everyday homeschooling blog


May 16, 2014

Build Your Child's Creativity

MaryAnn Gaver


"A hunch is creativity trying to tell you something."

-Frank Capra


It was a great brainstorming session for young elementary kids. After lunch, we opened a few cans of Play-Doh, and began to twirl and knead a few colors as we discussed some ideas on how to best reach out to our new neighbors. After that interchange, we challenged ourselves to name as many varieties of birds that we could think of in forty seconds. And after that, we settled in for a history lesson and our own made-up "globe game" for geography...

Creativity isn't something that's necessary just for artistic or musical pursuits—but something that we all need in our lives whether it's better communication, business ideas, or home management. It's critical for problem solving or working as a team in the household.

Yes, creativity—and nurturing those creative skills in our homeschools is definitely something that will benefit our kids for life. And, as homeschoolers, we have bountiful opportunities to help our students hone their innovative tendencies...

Whether it's solving riddles, doing puzzles, or making their own LEGO designs, think of some new ways that you can encourage your kids to be creative this week. And remember that it doesn't mean that the kids have to sit in one spot. Physical activity is a wonderful way to get the blood flowing for cognitive work. Yet another blessing of homeschooling—moving around instead of sitting at a desk for endless hours!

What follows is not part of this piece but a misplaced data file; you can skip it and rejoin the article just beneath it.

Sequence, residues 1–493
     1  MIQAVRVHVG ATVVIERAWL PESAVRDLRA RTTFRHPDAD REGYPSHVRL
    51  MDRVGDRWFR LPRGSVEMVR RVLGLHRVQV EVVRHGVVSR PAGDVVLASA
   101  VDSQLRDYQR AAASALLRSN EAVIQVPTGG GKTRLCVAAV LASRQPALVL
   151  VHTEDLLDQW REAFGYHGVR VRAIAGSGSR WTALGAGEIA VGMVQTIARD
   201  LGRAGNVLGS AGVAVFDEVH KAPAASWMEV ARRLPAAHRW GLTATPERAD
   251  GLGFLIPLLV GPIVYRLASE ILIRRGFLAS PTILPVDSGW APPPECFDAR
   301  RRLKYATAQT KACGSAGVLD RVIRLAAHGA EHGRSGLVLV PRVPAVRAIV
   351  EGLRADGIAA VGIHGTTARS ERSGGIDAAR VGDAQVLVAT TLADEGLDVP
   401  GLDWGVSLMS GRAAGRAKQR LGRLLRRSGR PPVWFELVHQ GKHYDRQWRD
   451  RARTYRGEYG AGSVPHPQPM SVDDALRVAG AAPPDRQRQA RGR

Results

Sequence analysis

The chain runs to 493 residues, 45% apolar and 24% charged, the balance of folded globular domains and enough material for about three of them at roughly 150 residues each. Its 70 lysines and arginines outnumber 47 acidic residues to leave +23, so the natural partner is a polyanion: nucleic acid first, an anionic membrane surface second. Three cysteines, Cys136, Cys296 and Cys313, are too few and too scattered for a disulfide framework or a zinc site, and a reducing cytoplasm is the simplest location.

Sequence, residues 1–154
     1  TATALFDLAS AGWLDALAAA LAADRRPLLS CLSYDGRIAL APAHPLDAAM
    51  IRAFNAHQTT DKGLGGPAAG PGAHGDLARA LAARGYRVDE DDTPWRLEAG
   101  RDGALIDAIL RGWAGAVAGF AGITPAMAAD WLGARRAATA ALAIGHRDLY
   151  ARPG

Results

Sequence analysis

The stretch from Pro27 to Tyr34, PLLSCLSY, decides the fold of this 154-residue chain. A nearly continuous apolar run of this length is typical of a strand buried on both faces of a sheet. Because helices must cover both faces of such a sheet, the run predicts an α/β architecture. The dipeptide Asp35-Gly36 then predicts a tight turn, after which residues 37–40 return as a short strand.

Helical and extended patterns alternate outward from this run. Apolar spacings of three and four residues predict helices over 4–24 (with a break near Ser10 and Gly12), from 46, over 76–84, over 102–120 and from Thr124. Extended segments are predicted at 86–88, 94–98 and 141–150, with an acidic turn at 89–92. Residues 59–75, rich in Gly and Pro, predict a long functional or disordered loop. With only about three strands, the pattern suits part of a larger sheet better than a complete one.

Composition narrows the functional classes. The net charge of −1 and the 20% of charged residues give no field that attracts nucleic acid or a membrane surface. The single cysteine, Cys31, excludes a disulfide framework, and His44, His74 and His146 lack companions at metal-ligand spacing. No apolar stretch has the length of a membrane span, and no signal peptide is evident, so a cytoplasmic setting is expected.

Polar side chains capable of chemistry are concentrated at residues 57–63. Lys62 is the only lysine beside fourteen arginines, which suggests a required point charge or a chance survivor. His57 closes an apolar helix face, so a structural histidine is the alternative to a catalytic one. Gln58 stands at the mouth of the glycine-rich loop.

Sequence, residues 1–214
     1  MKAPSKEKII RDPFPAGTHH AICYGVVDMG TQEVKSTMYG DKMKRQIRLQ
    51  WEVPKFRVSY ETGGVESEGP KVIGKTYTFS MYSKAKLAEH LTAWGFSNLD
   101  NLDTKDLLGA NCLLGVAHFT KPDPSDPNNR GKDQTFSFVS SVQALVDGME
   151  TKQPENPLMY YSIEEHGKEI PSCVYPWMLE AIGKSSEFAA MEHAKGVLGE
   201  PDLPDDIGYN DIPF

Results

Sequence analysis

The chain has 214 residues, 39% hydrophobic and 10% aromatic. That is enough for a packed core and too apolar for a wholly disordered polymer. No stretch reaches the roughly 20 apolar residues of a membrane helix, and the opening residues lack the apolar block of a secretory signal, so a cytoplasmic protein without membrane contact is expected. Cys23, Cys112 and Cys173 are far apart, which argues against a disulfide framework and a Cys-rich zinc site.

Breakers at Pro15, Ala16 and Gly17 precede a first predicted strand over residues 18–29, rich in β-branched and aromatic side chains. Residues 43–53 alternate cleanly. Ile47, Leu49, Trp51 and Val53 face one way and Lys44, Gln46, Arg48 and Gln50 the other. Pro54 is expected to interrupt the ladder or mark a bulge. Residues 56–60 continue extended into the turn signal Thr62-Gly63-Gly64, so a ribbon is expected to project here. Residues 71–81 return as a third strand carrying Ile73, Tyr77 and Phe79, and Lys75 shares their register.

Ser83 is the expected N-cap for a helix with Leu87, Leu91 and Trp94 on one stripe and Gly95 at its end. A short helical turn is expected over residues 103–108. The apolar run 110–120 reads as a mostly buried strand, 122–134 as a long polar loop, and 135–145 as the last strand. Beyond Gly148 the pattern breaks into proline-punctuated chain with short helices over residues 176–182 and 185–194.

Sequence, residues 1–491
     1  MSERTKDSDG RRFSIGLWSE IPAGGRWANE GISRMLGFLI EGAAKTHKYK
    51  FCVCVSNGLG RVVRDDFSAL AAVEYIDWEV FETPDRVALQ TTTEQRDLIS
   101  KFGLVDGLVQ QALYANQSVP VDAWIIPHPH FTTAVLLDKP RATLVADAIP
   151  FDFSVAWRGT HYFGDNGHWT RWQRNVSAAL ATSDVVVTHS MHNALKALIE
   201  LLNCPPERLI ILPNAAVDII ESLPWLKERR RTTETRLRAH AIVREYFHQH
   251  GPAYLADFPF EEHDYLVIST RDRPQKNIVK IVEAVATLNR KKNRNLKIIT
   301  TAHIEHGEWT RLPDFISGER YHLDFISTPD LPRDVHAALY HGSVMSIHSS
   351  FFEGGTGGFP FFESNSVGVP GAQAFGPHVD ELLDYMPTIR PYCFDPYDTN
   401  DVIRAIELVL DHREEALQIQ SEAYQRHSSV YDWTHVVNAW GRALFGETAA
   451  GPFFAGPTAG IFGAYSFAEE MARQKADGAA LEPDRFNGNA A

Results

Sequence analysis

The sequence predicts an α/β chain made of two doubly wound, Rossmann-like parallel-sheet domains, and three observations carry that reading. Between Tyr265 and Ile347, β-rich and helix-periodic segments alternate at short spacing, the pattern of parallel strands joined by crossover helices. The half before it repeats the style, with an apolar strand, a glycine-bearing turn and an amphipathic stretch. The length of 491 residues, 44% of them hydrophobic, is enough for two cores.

I remember our spirited games of 3-person ping pong (with one of us rotating "around the world" - the table), or our attempts to enhance book learning with a hands-on craft. I bought these little mosaics when we studied about Rome, and colored wax to create a tiny colonial community when we studied Williamsburg—things like that. I did it not only to help with manual dexterity—but also to give the twins time to process what they were learning academically and musically.

Kids are naturally inquisitive, creative, and full of ideas, so I encourage you to capitalize on that while your kids are young. Remember the great opportunities we have to foster our kids' ability to brainstorm, collaborate, and think as we teach them at home. Have fun!